BATON ROUGE, La. — A federal investigation revealed last year that authorities in a rural Louisiana parish routinely used illegal “investigative holds” to arrest hundreds of people for questioning, secretly keeping them jailed for days on nothing more than a “hunch.”
But a federal judge’s ruling could preclude most of these people from getting any class-action compensation for their ordeals.
In a court filing last Friday, U.S. Magistrate Judge Patrick Hanna recommended dismissing three people’s claims because they were freed from jail more than a year before their lawyers sued the city of Ville Platte and Evangeline Parish Sheriff’s Office over the arrests. A district court judge must decide whether to adopt Hanna’s recommendations.
Plaintiffs’ lawyers argued that a one-year statute of limitations shouldn’t apply in this case because people were told to keep silent. And these unconstitutional arrests in Evangeline Parish were a “regular part of criminal investigations” for more than two decades, the Justice Department said in a December 2016 report.
People often were strip-searched, held in cells without beds, toilets or showers and detained for at least three days — sometimes much longer — without getting a chance to talk to loved ones or contest their arrests, the department’s report says. Detectives told federal investigators they used these investigative holds when they didn’t have sufficient grounds for an arrest but had a “hunch” or “feeling” that somebody may be involved in criminal activity.
One woman told federal investigators that police detained her and her family in 2014 after they went grocery shopping and may have witnessed an armed robbery and shooting. The woman wasn’t a suspect, only a possible witness, but she said she was detained, strip-searched and jailed for roughly nine hours before police questioned her.
The Justice Department, which began investigating in April 2015, counted a “staggering” number of investigative holds for such a sparsely populated community: Ville Platte police officers used the practice more than 700 times between 2012 and 2014; the sheriff’s office made more than 200 such arrests over the same period.
Evangeline Parish, approximately 80 miles west of Baton Rouge, has a population of roughly 34,000 residents. Ville Platte has approximately 7,300 residents, with blacks accounting for 64 percent of the city’s population.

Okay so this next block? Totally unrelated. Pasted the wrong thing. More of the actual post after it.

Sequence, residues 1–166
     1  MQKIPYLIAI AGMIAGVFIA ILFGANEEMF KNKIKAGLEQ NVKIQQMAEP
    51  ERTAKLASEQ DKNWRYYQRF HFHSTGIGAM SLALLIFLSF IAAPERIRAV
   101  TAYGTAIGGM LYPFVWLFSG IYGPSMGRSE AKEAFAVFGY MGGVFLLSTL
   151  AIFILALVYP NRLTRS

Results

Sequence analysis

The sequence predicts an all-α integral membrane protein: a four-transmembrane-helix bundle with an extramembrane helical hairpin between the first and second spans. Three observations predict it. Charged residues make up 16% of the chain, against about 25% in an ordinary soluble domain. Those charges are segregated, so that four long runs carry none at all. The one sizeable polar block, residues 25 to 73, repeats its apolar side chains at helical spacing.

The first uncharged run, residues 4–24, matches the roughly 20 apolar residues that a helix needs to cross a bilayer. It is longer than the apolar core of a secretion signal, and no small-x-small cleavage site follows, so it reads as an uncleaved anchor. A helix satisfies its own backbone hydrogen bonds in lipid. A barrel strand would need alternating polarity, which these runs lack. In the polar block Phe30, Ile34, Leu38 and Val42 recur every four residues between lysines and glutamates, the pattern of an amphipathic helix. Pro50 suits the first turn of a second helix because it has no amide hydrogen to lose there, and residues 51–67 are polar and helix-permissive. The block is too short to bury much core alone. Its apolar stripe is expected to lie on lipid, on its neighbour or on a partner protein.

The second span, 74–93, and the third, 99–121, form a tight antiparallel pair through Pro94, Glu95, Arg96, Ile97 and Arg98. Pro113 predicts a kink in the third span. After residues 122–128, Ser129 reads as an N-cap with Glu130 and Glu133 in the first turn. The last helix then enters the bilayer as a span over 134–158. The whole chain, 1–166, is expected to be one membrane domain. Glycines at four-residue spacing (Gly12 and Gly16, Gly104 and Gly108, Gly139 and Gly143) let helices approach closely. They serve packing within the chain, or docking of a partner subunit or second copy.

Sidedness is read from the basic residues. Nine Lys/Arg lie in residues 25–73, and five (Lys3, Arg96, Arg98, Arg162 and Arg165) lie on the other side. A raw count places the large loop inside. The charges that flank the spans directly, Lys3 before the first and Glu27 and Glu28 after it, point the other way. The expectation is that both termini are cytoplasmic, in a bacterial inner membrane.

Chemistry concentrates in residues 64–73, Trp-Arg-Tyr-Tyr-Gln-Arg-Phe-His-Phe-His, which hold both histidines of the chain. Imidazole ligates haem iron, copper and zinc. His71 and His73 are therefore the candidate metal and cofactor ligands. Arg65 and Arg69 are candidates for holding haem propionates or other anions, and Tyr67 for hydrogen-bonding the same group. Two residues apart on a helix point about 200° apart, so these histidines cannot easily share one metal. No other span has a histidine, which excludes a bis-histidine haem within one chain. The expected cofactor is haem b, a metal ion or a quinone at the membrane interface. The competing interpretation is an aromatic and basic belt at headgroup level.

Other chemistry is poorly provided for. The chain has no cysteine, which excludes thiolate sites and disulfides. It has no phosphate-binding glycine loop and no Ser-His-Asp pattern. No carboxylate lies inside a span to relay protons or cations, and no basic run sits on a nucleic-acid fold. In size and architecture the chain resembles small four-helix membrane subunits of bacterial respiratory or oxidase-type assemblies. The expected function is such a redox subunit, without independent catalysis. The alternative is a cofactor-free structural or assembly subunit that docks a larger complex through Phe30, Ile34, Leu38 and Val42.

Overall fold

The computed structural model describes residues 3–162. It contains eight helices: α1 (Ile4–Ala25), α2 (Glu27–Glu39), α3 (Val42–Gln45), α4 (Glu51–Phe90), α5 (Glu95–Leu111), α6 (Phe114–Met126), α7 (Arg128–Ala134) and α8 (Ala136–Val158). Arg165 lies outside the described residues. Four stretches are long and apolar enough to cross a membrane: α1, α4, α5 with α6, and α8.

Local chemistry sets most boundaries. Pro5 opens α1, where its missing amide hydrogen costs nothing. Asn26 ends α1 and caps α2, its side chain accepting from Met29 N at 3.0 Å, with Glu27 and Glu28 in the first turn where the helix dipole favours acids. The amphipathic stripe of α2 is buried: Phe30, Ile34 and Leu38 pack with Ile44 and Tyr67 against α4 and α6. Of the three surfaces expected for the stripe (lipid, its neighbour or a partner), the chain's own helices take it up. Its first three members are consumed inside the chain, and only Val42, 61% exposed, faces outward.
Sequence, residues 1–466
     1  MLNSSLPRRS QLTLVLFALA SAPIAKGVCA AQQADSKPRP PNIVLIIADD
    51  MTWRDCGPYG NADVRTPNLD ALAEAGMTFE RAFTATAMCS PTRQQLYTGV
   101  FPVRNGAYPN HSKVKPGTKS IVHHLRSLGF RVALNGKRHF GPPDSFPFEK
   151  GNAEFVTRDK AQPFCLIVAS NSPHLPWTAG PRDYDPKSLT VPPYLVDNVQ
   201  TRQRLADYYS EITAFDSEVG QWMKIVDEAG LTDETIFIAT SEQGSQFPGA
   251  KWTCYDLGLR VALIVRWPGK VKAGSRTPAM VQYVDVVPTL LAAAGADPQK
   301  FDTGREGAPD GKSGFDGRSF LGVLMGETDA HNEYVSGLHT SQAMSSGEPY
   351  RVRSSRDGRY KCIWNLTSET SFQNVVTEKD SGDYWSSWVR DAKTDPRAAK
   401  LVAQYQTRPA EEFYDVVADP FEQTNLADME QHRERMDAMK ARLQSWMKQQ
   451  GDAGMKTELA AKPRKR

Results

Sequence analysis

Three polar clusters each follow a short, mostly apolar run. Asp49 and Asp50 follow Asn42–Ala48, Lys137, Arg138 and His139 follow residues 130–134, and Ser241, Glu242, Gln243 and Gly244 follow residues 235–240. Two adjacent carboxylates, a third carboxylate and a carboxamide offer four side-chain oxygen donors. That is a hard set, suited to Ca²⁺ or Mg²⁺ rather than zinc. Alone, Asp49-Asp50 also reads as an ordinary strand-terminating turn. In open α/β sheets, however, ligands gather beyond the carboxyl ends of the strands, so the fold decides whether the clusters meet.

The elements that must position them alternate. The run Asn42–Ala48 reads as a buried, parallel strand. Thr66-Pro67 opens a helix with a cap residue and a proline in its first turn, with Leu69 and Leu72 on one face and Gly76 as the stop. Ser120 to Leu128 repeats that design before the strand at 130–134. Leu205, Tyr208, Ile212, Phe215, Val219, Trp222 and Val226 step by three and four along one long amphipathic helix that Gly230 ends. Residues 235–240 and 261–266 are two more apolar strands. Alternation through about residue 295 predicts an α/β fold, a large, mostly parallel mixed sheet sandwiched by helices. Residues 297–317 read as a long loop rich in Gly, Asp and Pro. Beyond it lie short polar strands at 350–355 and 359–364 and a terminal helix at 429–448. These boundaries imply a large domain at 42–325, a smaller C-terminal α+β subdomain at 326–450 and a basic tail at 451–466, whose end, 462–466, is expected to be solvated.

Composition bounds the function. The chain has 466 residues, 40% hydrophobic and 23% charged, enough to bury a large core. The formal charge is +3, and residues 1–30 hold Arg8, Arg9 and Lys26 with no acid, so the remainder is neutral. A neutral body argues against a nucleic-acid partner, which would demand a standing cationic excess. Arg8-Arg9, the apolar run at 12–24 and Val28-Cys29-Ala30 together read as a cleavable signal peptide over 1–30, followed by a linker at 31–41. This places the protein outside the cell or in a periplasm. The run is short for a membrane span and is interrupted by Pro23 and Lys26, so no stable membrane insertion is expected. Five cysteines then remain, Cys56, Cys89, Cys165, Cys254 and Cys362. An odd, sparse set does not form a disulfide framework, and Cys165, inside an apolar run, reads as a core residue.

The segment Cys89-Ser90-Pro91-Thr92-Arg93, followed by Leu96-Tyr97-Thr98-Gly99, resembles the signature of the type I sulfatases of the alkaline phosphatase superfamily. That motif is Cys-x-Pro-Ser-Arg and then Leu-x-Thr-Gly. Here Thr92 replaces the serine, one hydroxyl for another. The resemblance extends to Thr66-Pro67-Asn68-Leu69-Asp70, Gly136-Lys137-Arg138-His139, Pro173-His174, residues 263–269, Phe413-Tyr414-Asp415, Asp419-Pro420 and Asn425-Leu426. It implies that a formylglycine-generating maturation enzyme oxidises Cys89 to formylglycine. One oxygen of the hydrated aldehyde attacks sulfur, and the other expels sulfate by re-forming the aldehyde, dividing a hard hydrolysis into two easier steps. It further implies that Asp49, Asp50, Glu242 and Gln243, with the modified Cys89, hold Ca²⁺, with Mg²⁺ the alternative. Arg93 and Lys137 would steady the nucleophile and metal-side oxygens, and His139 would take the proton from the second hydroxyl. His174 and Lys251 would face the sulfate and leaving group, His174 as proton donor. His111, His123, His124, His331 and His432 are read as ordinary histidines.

Plaintiffs’ attorneys said officers threatened people with more jail time if they discussed what happened to them. FBI agents who questioned some potential class members told them not to discuss the federal investigation until after the Justice Department released its findings, the lawyers said.
On March 1, attorneys filed the class action on behalf of four named plaintiffs. Three of them had been released from investigative holds more than four years before the suit was filed, so Hanna recommended dismissing their claims.
Hanna said nobody alleged that federal authorities questioned any of the four plaintiffs or told them not to discuss their claims.
“Similarly, there is no allegation that anyone stopped the plaintiffs from attempting to file a lawsuit at any time,” he wrote.
Plaintiffs’ lawyers also argued that their clients lacked the education or sophistication to know they could have viable claims, but Hanna said they had enough information to investigate that.
Frank Schirripa, one of the plaintiffs’ attorneys, said they likely will file an objection to Hanna’s recommendations.
Earlier this month, a settlement agreement resolved a separate lawsuit that three people filed against the city of Ville Platte and its police chief, Neal Lartigue. The suit accused police of arresting the three people in 2014 and jailing them without explanation. Settlement terms haven’t been disclosed, and an attorney for the city declined to comment Tuesday.
In its report, the Justice Department said the police department and sheriff’s office admitted that the holds are unconstitutional and took “laudable steps to begin eliminating their use.”
“More work remains to be done,” the Justice Department said. “The agencies also must work to repair community trust, because many people may still be justifiably reluctant to provide information to law enforcement for fear that doing so could subject them to an unconstitutional detention.”